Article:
Oh, what a difference a Black mayor makes.

Those were my thoughts as I listened to the poignant inaugural address by Tishaura Jones, the first black female mayor in the history of St. Louis.

James Ingram

James T. Ingram

Her audacity to reference her family’s relatives in East St. Louis, Ill., and her temerity in including East St. Louis Mayor Robert Eastern III as a speaker were both nods to a new day and new era of respect for STL’s neighbor to the east.

It never happened during the inaugurations or administrations of her white predecessors, and it begs the rhetorical question, why?

I vividly recall an incident during the administration of Mayor Vince Schoemehl. During that time, I was press secretary for ESL Mayor Carl E. Officer. Mayor Officer’s administration had intelligence regarding gang activity relocating from East Boogie to St. Louis. I attempted to convey that information to Schoemehl’s staff and was promptly informed that STL ‘had no gang problem.’

A larger elephant in the room is race. I occasionally saw STL’s first black mayor, Freeman Bosley, Jr. partaking in the nightclub scene of ESL, as I am confident Mayor Jones probably did at some point in her life.

The issue is about comfort levels and a capacity to see ESL as a neighbor, a partner, an asset, an ally and not as a threat.

In the past, white mayors glanced across the Mississippi River derisively and viewed ESL as an eyesore, a problem an “other.” It was anything but positive.

Mayor Jones said it best when she pointed out, in addressing STL’s crime prevention challenges, that “crime doesn’t stop at our borders.” Neither does opportunity.

Instead of the dismissive attitude that STL’s white mayors had towards including ESL in talks of regional development, Mayor Jones wisely realizes the potential in partnering with East Boogie to derail crime at our borders. She is also promoting regional cooperation, vitality and collaboration in enhancing the mutual development of both sides of the river, with the potential for jumpstarting tourism in the bi-state region.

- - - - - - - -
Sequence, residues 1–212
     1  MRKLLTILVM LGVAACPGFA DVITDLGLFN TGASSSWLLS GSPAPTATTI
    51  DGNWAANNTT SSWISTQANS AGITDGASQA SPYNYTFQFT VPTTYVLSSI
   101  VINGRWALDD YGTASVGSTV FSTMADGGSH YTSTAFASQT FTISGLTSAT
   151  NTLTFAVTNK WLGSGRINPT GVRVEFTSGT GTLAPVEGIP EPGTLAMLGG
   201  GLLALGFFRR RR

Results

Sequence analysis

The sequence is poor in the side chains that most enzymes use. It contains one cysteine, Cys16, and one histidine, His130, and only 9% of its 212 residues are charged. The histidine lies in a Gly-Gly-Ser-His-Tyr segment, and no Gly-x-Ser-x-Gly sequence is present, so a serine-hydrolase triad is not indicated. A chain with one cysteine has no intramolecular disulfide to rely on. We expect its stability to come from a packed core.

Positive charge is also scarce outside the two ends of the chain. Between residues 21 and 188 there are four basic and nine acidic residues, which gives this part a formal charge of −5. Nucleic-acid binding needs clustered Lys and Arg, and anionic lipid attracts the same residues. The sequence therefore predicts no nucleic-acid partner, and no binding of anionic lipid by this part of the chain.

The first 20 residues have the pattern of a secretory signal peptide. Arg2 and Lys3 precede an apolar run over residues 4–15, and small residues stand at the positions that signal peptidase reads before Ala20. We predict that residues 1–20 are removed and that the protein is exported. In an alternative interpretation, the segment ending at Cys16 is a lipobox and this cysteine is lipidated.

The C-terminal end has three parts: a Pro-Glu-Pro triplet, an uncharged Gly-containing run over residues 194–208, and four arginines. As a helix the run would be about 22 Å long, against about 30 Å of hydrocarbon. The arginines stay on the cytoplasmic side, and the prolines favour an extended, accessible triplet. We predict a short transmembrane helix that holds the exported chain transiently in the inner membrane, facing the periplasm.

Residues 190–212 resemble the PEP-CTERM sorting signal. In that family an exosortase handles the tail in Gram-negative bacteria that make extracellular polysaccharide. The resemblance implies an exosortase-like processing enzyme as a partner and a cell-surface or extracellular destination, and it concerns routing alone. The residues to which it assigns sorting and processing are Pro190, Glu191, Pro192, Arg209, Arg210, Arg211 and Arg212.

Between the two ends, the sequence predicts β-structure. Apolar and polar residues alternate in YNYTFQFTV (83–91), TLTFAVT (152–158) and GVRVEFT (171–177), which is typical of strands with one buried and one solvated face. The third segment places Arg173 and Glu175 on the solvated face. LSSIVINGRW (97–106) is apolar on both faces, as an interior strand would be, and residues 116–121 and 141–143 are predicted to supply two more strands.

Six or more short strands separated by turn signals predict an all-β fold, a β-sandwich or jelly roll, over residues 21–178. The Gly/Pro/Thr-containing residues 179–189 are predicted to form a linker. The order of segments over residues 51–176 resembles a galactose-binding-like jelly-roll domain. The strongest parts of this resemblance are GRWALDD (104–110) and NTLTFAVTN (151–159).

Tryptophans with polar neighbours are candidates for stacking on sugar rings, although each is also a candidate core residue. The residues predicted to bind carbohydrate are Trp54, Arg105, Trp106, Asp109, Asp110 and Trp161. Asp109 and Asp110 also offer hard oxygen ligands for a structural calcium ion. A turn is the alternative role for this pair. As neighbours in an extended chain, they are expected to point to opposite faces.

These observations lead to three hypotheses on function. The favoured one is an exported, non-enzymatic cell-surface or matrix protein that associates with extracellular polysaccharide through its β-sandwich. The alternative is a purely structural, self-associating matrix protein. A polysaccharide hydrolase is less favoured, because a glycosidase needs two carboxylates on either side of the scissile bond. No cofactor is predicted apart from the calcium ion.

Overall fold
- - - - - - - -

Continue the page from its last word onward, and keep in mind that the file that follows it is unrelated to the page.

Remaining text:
Think about it. When those Goodyear blimps project aerial images of the St. Louis riverfront, Busch Stadium and the Gateway Arch, they are usually photographed from the East St. Louis riverfront. 

Wouldn’t it be wonderful, profitable and optically magnificent if both sides of our Mississippi River mirrored each other in development, tourism, safety and beauty?

It just makes good economic sense.

Like it or not, the success of St. Louis and East St. Louis are mutually bound by a single thread of destiny and, perhaps, Mayor Tishaura Jones has the wisdom and vision to seek to transform what others have derided as a problem into a source of unlimited possibilities.

Email: jtingram_1960@yahoo.com Twitter: @JamesTIngram


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